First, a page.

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May 1967

Decompression of the Facial Nerve

Author Affiliations

From the Ear, Nose, and Throat Department, University of Amsterdam.

Arch Otolaryngol. 1967;85(5):473-479. doi:10.1001/archotol.1967.00760040475003

SINCE THE 1920's when Bunnell and Balance and Duel1-3 started to operate upon the facial nerve inside the temporal bone, there has seemed no reason why a good surgeon should not approach this nerve in order to cure its paralysis.

The improvement of the technical possibilities has been enormous. The operation microscope with its excellent illumination, the drill used for many years for otosclerosis surgery, and a perfect anaesthesia, either local or general, have made the surgical approach of the fallopian canal a common procedure in the hands of some ear surgeons.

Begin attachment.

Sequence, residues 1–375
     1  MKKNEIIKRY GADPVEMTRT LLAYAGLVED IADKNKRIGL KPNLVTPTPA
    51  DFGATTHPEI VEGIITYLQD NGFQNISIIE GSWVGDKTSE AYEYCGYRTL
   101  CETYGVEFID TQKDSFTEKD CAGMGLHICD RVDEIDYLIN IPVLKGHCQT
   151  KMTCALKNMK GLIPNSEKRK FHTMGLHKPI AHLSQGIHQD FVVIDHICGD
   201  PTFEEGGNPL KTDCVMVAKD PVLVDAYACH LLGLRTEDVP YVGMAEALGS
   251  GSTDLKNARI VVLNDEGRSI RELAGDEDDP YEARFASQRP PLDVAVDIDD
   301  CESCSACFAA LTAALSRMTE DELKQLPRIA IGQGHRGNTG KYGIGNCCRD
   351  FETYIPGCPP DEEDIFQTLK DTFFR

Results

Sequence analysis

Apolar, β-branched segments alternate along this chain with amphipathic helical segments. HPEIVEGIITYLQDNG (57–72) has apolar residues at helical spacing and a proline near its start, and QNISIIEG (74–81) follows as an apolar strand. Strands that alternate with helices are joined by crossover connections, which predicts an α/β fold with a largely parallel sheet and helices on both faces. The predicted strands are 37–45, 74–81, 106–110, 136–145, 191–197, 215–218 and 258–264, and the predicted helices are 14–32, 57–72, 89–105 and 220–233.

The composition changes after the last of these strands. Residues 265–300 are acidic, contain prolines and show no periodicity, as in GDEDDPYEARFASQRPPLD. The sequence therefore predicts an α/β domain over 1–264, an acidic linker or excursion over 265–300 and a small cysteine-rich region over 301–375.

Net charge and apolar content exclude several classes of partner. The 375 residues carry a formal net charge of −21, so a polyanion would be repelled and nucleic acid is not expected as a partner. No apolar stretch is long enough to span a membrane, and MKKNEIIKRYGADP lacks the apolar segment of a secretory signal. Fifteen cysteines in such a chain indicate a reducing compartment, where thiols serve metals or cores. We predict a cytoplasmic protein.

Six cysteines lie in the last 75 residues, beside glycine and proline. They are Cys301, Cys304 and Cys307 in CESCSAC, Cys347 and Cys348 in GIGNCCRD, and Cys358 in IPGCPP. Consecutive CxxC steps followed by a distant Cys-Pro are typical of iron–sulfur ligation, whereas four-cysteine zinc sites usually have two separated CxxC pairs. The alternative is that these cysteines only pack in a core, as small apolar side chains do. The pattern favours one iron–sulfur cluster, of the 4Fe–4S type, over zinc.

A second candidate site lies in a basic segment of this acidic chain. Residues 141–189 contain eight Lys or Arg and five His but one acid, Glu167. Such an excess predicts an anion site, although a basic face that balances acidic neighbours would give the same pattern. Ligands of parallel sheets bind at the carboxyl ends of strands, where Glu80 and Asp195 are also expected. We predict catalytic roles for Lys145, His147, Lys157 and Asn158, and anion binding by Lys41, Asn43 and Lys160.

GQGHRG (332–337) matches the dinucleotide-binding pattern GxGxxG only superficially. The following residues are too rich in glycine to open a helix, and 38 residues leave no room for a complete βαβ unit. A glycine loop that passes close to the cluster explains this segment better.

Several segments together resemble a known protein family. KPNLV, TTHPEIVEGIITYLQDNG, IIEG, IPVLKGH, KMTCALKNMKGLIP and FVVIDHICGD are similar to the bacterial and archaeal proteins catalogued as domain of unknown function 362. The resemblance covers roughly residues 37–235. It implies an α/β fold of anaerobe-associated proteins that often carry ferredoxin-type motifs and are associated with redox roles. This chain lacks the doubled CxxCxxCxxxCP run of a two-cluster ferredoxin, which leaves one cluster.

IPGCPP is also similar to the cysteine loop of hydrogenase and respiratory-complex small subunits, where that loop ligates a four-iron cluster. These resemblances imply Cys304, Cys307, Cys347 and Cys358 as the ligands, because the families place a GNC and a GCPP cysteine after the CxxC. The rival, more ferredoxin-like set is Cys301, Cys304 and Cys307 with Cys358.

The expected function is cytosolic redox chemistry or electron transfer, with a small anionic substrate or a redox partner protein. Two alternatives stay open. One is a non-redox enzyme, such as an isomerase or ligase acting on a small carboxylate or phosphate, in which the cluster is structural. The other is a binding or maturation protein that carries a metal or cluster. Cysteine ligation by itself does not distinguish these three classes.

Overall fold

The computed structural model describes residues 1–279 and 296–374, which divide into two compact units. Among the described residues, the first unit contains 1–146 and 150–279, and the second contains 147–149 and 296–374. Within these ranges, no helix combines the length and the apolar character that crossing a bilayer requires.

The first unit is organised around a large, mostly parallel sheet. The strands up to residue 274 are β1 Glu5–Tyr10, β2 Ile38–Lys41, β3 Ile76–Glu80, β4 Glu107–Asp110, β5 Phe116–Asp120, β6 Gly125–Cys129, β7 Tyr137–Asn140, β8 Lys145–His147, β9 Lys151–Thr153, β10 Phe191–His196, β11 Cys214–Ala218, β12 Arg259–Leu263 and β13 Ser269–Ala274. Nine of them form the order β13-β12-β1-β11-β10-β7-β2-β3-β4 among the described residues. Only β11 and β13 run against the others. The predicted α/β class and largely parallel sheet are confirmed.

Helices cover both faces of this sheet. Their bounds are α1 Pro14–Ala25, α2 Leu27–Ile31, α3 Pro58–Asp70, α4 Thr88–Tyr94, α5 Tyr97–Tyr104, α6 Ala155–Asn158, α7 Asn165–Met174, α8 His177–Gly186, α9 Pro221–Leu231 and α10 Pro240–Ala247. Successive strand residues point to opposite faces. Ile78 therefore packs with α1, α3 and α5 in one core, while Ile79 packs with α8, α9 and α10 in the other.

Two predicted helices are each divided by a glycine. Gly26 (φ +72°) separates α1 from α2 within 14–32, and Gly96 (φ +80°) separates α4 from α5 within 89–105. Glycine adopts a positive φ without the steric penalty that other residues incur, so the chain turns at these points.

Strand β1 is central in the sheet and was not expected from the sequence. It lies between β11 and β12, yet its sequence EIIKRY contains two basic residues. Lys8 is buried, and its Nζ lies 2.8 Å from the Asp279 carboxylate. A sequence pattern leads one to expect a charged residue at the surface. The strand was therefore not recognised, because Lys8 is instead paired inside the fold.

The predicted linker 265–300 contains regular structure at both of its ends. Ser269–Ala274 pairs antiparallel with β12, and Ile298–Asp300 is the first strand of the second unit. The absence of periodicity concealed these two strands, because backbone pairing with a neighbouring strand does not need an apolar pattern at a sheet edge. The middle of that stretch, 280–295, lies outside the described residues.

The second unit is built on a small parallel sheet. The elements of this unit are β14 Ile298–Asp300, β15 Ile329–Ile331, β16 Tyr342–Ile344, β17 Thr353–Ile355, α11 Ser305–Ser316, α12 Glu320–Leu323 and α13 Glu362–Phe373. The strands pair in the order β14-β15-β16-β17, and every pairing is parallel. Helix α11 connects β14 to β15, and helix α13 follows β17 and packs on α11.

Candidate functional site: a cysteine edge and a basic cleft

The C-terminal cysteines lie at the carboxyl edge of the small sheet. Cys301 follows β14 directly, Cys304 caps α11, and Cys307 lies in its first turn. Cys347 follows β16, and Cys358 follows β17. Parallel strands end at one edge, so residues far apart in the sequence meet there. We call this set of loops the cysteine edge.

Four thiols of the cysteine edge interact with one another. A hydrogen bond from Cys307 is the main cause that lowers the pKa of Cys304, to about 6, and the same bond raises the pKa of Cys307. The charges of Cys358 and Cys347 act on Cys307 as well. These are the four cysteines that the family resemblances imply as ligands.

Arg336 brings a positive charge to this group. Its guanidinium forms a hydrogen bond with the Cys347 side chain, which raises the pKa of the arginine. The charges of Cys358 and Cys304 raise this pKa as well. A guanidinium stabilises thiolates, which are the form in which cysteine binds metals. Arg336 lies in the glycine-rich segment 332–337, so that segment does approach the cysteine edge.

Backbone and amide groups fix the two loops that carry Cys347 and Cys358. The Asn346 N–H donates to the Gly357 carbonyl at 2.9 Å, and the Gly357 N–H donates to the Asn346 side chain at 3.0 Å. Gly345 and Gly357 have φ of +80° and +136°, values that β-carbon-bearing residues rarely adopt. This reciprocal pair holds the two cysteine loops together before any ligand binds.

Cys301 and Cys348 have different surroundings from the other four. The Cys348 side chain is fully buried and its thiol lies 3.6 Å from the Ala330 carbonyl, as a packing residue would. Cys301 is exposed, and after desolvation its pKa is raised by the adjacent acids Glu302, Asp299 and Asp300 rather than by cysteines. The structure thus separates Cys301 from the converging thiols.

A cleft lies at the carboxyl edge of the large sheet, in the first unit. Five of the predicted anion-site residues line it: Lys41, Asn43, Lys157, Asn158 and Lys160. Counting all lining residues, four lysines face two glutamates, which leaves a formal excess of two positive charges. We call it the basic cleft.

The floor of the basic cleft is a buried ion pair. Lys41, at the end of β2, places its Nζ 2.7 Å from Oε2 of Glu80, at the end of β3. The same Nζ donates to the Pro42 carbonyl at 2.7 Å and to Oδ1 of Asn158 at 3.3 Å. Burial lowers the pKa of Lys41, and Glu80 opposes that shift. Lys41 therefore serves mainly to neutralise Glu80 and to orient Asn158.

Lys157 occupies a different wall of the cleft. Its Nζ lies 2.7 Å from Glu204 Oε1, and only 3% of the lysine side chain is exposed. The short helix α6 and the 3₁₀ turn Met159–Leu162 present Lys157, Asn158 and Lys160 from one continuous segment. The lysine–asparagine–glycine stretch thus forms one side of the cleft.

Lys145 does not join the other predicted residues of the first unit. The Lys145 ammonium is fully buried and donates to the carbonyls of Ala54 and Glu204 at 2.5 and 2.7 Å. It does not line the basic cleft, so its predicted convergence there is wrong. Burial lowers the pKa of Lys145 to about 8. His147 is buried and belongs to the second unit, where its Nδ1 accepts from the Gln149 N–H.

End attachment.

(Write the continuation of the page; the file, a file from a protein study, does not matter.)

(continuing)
It is the only rational treatment in many cases of facial paralysis, and there is now no reason to avoid the difficult anatomy of the petrous bone. Many other operations in the same domain are performed routinely by a great many otologists all over the world with great success and, alas, sometimes with trouble as we shall

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